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Memorandum on Assistance Program for New Independent States of the Former Soviet Union

December 06, 1995

Presidential Determination No. 96-6

Memorandum for the Secretary of State

Pursuant to Section 577 of the Foreign Operations, Export Financing, and Related Programs Appropriations Act, 1994 (Titles I-V of Public Law 103-87), I hereby certify that Russia and the Commonwealth of Independent States continue to make substantial progress toward the withdrawal of their armed forces from Latvia and Estonia.

You are authorized and directed to notify the Congress of this certification and to publish it in the Federal Register.



Washington, December 6, 1995.


There continues to be active and substantial progress on the issue of Russian and CIS troop withdrawal from the Baltics since the President's previous determination under Section 577 "of substantial progress" on June 6, 1995.

Since the last determination, the troop withdrawal agreement between the Russian Federation and Estonia was ratified by the Russian State Duma on July 21, 1995, and endorsed by the Federation Council on October 4. Russian President Boris Yeltsin signed the federal law on ratification of the treaty on October 13. The agreement awaits ratification by the Estonian legislature. As noted previously, the troop withdrawal agreement between the Russian Federation and Latvia has been ratified by both countries, the documents of ratification having been exchanged on February 27, 1995.

By its terms, Section 577 remains in force until the President certifies to the Congress under Section 577(b) that all Russian and CIS armed forces have been withdrawn from Latvia and Estonia, or that the status of those armed forces has been otherwise resolved by mutual agreement of the parties. The Section 577(b) certification is not being made at this time, pending ratification by Estonia of the agreement between the Russian Federation and Estonia.

The residual issues remaining between Russia and Latvia and Russia and Estonia relating to troop withdrawals continue to be primarily political and social rather than military. In particular, there continues to be the question of Russian/CIS military personnel demobilized in place before August 31, 1994, when all active duty military personnel and equipment were withdrawn from Estonia and Latvia according to agreement. As noted previously, the lack of precise data for determining the number of troops demobilized in place, combined with certain ambiguities in the agreements, contribute to the difficulty of resolving these residual issues. Humanitarian concerns continue to constitute another factor. Since the June 6, 1995 determination, the parties have actively worked on both bilateral and multilateral levels to resolve these residual issues. In particular, they have used the OSCE Permanent Council and OSCE missions as fora for raising, and working through, their differences.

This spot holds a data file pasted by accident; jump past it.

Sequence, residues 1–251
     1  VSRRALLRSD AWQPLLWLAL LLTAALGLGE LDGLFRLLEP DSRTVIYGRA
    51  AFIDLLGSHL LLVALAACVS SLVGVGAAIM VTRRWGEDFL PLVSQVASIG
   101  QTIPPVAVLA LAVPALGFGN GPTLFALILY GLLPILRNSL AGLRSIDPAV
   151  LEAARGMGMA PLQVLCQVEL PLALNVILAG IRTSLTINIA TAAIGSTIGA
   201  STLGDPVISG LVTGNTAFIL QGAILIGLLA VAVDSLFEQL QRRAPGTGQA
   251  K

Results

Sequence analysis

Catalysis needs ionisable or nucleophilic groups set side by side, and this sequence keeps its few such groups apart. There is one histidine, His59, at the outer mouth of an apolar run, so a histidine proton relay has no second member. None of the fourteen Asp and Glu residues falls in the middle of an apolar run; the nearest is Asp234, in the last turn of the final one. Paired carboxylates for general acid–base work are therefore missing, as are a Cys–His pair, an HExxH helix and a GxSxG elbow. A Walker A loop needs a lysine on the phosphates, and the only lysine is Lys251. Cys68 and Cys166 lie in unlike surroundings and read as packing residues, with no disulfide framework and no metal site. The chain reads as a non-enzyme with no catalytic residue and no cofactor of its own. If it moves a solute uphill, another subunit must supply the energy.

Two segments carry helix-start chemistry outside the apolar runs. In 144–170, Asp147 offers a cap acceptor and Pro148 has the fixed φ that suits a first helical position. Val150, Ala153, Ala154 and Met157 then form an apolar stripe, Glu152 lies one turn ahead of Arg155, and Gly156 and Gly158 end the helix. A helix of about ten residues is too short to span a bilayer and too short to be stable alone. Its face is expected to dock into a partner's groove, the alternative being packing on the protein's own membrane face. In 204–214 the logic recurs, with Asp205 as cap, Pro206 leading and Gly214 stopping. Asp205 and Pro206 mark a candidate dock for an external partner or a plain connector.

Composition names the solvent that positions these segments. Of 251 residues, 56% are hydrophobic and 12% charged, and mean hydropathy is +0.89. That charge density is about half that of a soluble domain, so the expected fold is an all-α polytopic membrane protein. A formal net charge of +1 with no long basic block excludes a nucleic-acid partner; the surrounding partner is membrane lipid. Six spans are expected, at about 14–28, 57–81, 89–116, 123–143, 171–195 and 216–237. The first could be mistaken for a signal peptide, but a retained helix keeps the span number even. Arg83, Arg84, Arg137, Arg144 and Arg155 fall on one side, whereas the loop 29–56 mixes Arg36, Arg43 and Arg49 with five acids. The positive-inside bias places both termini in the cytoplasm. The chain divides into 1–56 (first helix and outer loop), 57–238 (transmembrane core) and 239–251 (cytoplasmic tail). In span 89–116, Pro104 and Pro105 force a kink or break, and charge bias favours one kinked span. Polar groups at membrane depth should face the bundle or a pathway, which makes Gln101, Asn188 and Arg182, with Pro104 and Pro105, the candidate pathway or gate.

Latvia and Russia continue to review lists of demobilized officers in an orderly manner to clarify the status of these individuals. In September 1995, Russia submitted updated lists totaling 1238 former Russian military personnel whose status is still unresolved. The Latvians have told the OSCE Mission to Latvia that they believe another 163, outside these lists, reside in Latvia illegally. Of the 1238 on the Russian lists, Russia has committed to repatriating 401 by the end of 1995. In addition, since the last determination, the Russians have recognized the need for individual case-by-case review of a second major category of the 1238, comprised of 771 cases. The Russians have redesignated the category "those claiming to have the right to stay," rather than those "having the right to stay." In noting the progress the two sides have made in resolving the issue of demobilized officers, the OSCE Mission has also commended the political will shown by the Latvian Government in agreeing to investigate each claim to stay with appropriate care. Latvian President Ulmanis stated in September that, despite their serious foreign policy disagreements, Latvia and Russia are continuing to develop good-neighborly bilateral relations.